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Cleveland Browns X's & O's: Upping the Aggressiveness with DC Gregg Williams Using Trap Coverage

Under new defensive coordinator Gregg Williams, expect an aggressive brand of pass defense that forces opposing quarterbacks to process a variety of looks with built-in land mines. Join The OBR in the film room as we look at a well-executed 'trap coverage' concept that resulted in a quarterback scramble when Blaine Gabbert was unable to process the defense.

This article came out of an interesting coverage tweak I noticed as I complete an off-season project to familiarize myself with the Gregg Williams' defense. I am charting every defensive snap the Rams' 2016 season, with the goal of using the results to write a variety of off-season articles about personnel usage, potential draft targets, fronts, coverages, concepts, and techniques.

This particular concept showed up on the tape several times. While it didn't create any turnovers, it did confuse Blaine Gabbert several times, causing him to pull the ball down and scramble.

The down/distance is 3rd a 10 - a perfect down for trap coverage is the ball is probably going in the air - and the offense is pinned fairly deep in their own territory.

The idea here is to show man coverage pre-snap in order to encourage a throw to the #2 or #3 receivers to the trips side of the field, where the trap CB will wait in the weeds to make a play on the ball.

In order to muddy Gabbert's pre-snap reads, the offense sugars the A-gaps with both linebackers pre-snap to create the threat of a blitz (would have to be a 5-man pressure with two deep safeties), follows the #2 receivers motion (used to flush out man or zone coverage), and aligns the strongside Nickel/CB at a standard off-man depth.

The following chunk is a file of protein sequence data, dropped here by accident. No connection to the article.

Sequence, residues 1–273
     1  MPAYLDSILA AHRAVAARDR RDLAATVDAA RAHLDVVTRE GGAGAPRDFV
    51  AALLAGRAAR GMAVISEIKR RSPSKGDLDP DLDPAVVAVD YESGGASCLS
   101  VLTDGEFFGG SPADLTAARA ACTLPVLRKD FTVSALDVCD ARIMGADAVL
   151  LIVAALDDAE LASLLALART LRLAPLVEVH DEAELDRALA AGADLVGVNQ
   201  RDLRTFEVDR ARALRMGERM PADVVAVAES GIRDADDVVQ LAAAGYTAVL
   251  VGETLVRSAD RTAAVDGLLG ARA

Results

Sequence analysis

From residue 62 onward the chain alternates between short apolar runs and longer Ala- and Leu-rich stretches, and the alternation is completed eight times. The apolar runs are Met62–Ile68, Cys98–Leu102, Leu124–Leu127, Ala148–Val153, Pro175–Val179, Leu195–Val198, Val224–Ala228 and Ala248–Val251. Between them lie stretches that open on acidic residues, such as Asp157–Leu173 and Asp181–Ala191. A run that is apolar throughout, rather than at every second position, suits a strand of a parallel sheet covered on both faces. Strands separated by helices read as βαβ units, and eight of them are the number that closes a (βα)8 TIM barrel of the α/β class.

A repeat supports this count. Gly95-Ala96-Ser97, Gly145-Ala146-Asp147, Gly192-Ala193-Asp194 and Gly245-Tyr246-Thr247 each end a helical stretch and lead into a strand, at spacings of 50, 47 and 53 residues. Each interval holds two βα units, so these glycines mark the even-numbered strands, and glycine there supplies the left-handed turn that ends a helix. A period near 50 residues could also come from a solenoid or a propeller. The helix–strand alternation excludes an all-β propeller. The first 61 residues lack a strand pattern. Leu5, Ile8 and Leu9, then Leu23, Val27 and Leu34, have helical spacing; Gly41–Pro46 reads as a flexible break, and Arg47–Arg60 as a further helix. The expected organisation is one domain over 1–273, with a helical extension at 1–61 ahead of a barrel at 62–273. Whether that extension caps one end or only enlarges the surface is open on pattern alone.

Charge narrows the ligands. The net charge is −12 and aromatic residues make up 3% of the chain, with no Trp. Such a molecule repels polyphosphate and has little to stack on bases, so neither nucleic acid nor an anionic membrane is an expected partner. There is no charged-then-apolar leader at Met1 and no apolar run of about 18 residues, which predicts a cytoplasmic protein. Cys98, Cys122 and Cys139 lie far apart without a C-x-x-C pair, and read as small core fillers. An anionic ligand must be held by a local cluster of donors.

Again the idea is to show man coverage, encourage the QB to target the out-breaking route, and jump the throw with the squat CB.

Notice the left CB zone-turn (back to the sidelines to keep the eyes inside) at the snap to get eyes on the #2 and #3 receivers. He is not focused on getting a good jam on the #1 WR here as he would in a typical 2-deep, zone-under coverage because the deep safety to his side of the field is responsible for all of #1 vertical. The linebackers both back out of the blitz to play a pseudo-man technique known as 'Cut'.

This screenshot is straight from Nick Saban's 2015 playbook. The concept is fairly simple. Each defender will play all in-breaking routes (think dig, shallow, etc.) and vertical routes (post, seam, etc.), leaving any outside breaking routes for the CB. Notice how the inside leverage encourages a throw to the out route by the #2 receiver.

Gabbert clearly wants to target the concept to the trips side of the field, but he is forced to pull the ball down and scramble fairly quickly. My guess is he wanted the out route, but got confused when the CB appeared in his vision.

Gilbert's pick 6 against Indy came off the same trap/cut concept with a slot blitz.


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